At that point we were quite lost, not many people has done before that integration between Drupal and Symfony 2 Lazy Loading, so we had very few people to ask, even inside Capgemini itself, and even fewer documentation to consult. Fortunatelly there are some interesting pieces of code in every well designed software. I am talking about test units:

The most interesting part in lines 34 and 37:

$builder->setProxyInstantiator(new RuntimeInstantiator());

That part is essential, it will instantiate the Proxy Manager and substitute your Object with an instance of that Proxy.

We just need to do one last step, indicate that our object will use Lazy Loading:


From this point, the next time you load your object:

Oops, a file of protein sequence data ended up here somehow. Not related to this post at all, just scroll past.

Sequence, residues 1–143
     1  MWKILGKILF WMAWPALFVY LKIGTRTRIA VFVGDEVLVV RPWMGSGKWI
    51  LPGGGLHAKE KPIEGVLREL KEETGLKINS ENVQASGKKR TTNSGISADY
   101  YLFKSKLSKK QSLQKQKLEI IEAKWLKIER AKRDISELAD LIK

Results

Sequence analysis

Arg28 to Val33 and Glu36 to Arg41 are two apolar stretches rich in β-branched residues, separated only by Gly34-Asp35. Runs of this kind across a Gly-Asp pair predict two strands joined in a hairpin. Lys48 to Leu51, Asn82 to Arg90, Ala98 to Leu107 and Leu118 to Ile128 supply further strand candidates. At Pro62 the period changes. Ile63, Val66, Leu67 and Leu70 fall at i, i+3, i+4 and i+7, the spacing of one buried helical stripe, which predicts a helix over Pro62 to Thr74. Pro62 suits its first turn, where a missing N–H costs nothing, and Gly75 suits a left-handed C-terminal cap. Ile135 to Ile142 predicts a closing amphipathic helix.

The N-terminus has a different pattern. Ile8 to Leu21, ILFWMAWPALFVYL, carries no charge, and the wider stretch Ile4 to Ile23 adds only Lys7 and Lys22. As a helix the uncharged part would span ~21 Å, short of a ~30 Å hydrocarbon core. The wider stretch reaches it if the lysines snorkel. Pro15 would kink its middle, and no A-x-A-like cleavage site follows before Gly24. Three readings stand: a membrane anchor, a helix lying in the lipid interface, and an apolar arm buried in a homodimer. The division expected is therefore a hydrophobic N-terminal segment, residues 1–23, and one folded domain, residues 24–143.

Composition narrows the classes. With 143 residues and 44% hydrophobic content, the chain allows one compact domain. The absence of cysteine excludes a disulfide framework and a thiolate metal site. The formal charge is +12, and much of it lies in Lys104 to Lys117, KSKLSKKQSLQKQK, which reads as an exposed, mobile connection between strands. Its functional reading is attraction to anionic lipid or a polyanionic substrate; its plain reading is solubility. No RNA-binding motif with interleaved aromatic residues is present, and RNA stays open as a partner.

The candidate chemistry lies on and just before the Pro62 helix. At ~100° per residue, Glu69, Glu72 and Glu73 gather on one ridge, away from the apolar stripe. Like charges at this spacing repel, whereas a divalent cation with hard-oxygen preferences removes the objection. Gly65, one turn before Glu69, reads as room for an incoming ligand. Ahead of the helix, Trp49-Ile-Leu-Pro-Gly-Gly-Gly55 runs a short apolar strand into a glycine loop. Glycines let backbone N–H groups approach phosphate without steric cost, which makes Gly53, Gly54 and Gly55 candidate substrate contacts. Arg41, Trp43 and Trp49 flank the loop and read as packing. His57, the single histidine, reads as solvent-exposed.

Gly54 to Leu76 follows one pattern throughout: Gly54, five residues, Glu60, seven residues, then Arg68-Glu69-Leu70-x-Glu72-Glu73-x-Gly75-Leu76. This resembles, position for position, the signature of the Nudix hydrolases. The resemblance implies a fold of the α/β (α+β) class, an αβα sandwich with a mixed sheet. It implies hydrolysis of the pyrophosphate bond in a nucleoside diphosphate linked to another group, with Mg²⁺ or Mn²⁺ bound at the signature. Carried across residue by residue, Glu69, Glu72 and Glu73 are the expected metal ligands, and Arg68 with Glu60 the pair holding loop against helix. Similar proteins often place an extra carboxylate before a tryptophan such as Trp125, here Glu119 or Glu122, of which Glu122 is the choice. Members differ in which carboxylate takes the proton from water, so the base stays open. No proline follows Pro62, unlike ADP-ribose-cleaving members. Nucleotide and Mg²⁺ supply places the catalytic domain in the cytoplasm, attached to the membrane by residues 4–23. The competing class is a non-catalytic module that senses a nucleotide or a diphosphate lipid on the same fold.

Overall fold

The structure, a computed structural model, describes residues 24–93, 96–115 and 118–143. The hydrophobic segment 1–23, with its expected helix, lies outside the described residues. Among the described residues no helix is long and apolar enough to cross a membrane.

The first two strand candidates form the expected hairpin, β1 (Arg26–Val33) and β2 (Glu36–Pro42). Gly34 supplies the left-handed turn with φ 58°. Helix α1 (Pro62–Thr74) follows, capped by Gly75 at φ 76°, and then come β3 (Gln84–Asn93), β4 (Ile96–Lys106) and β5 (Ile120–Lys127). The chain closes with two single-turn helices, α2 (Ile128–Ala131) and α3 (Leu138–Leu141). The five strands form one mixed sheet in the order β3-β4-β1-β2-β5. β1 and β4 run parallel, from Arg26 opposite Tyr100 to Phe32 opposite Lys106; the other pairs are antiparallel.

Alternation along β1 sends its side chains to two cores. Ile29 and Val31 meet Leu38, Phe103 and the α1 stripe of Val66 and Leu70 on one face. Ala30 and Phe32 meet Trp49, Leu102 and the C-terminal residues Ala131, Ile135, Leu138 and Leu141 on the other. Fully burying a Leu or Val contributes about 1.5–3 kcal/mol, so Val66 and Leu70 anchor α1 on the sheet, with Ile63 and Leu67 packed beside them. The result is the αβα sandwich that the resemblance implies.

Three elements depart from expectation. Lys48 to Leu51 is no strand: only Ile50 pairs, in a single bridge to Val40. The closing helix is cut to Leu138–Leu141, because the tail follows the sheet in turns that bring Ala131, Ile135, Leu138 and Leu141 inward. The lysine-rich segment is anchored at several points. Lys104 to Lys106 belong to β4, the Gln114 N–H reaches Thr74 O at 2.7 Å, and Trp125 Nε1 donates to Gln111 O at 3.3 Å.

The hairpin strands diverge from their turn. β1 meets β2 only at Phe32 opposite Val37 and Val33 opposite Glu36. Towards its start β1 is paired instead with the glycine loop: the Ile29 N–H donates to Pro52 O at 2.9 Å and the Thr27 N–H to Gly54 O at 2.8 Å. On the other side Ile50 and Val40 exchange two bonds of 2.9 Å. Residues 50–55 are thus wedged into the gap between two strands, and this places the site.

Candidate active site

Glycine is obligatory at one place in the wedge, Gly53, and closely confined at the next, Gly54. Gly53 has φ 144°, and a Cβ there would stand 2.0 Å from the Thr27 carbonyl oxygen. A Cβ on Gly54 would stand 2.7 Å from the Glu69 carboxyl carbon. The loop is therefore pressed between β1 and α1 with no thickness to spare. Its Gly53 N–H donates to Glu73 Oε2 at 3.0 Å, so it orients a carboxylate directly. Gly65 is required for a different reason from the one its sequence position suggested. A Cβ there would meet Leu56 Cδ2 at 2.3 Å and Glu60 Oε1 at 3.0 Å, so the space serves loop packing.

if you ask for the class of this object it will identify itself as a Lazy Proxy:


 That state will remain until you ask the object to return something, basically when you use one of its methods:


Now that object will say that he is the real class, something like that:



More information:

Profiling PHP and Drupal with XDebug (In OSX)

Problems with a rogue app you built (maybe not you)?

Just some links which I found useful in order to debug/profiling your app:

Run it in you Mac with OSX:

Sometimes you need your profiler to be executed everytime. You can do that with this:


This is my whole xdebug.ini:

; Enable xdebug extension module











Other general links:


Composer and Symfony2 in Drupal 7


Developer definition

Programmer: an organism that turns caffeine and pizza into software :-D


Using Symfony Dependency Injection in Drupal 7: Software Engineering in Drupal

I still remember in a previous job discussing with a partner about doing things the proper way, using coding standards, commenting what you are doing, ... giving your code some love in definitive.